Geology is all around us, scarcely thought of as we go about our lives. Yet, it affects everything we do as a civilization, as a society and as individuals. While barely appearing to change from day to day, it works to alter the course of evolution. Preserving a record of creatures and landscapes both ancient and forgotten, the story of our past is written in stone and waiting to be read. I offer a view of how I see our world and its inhabitants, both past and present, as seen through my lens.
Special thanks are again in order, this time to Geocaching.com!
Geocaching used "Written In Stone...seen through my lens" as a geological reference for their geocache adventure called "Plums in the Pudding I: Mission Hill." They also added, "Dr. Jack Share, whose geological knowledge, reference and enthusiasm have been most valuable and inspiring."
What is “geocaching?” Geocaching is a high-tech treasure hunting game played by adventure seekers throughout the world equipped with GPS devices or a GPS-enabled phone. The basic idea is to go outside and locate hidden containers called geocaches using the GPS device. The GPS coordinates of geocaches are listed on the Geocaching's website (geocaching.com). All you need to do is plug (download) the co-ordinates into your device and head outside to find the cache. Over a million geocaches are hidden worldwide.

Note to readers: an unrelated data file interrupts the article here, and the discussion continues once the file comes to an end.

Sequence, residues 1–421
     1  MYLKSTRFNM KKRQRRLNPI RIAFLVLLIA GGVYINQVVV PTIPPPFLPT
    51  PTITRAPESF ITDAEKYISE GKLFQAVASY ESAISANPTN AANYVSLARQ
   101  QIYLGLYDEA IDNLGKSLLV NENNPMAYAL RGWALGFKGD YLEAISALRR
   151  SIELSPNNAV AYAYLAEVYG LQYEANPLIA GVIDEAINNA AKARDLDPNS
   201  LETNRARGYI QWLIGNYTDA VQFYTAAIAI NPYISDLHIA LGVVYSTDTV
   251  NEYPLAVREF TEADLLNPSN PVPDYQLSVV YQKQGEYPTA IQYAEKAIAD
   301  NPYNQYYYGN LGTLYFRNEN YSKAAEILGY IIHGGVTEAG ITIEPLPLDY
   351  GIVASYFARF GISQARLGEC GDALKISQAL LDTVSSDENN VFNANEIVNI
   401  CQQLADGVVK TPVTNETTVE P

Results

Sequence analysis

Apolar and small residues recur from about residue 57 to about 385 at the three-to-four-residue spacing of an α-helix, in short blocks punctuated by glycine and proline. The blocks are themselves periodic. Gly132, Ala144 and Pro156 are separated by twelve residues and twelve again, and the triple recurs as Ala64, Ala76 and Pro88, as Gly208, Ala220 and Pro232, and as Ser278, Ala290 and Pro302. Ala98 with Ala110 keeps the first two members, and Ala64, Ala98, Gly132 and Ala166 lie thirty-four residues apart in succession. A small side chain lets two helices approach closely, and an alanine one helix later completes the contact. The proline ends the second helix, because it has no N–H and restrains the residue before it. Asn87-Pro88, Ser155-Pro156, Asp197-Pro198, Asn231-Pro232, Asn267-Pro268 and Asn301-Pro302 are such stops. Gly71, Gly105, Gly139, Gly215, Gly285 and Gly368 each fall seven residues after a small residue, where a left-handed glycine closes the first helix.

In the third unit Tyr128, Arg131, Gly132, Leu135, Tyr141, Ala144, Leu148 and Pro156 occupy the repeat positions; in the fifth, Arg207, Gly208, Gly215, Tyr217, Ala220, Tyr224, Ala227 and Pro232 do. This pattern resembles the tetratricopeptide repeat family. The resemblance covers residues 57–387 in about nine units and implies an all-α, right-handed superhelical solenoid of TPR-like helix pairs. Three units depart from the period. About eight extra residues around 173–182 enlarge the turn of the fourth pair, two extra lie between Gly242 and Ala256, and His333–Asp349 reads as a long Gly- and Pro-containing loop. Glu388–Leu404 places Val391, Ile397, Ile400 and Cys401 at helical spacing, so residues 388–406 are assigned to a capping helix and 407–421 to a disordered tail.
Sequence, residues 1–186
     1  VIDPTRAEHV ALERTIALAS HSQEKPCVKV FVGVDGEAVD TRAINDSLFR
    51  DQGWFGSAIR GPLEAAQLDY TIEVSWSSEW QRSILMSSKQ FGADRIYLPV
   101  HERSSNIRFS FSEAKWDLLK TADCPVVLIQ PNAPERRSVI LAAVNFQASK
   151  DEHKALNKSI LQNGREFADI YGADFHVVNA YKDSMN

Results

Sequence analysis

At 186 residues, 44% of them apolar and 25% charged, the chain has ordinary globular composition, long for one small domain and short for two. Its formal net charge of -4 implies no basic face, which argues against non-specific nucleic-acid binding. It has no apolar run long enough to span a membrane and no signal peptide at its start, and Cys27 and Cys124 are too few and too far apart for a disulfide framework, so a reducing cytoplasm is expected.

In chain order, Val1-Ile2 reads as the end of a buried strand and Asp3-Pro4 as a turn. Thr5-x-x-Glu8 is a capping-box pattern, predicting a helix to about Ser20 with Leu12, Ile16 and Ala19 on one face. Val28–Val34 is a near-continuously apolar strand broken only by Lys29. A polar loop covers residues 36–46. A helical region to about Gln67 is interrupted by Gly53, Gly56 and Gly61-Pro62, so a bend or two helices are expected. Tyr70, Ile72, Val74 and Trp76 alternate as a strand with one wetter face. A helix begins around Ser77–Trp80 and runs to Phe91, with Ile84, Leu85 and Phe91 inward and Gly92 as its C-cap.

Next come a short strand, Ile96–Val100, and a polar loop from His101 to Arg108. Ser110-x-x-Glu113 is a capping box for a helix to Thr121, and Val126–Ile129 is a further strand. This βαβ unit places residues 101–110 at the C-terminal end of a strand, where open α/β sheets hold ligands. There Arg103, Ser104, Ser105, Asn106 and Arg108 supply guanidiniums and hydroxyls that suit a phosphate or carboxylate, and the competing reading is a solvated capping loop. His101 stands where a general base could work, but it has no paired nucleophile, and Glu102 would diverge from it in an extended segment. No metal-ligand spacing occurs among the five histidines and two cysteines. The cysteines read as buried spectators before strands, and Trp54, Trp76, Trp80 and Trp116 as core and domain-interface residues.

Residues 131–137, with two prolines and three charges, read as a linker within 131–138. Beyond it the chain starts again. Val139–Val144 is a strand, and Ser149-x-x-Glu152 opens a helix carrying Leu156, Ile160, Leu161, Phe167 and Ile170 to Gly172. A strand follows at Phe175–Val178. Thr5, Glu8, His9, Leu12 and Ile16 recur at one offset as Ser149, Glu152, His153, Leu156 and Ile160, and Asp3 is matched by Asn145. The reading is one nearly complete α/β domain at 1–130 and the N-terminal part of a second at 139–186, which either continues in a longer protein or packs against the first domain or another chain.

Once you are close, you have to discover the geocache on your own (it’s in a container and generally the size of a loaf of bread), and they can be very cleverly hidden. Once you find the cache, find the log book. If you take something from the cache, leave something of equal or greater value in its place, so that there’s something there for the next geocacher to find. When you’re done, rehide the cache exactly as you found it. When you return from your geocaching adventure, visit geocaching.com to share your adventures with the community.
The journey in discovering the geocache is often the greatest reward. Fresh air. Exercise. A nice hike. Great views. Entertainment. Camaraderie (take a friend). And even education.
Numerous educational references are given online for each Geocache. That's where we came in.
Thanks go to the on-line science and technology magazine WIRED.com and their blog entitled Wired Science!
Blog editor Brian Romans, assistant professor in the Department of Geosciences at Virginia Tech, mentioned "Written In Stone…seen through my lens” for the week of January 9-15, 2012 stating that it caught his eye.
He also says, "Jack Share...writes an epic post about the Great Unconformity in the Grand Canyon. He includes tons of photos and this is only part 1. Wonderful stuff."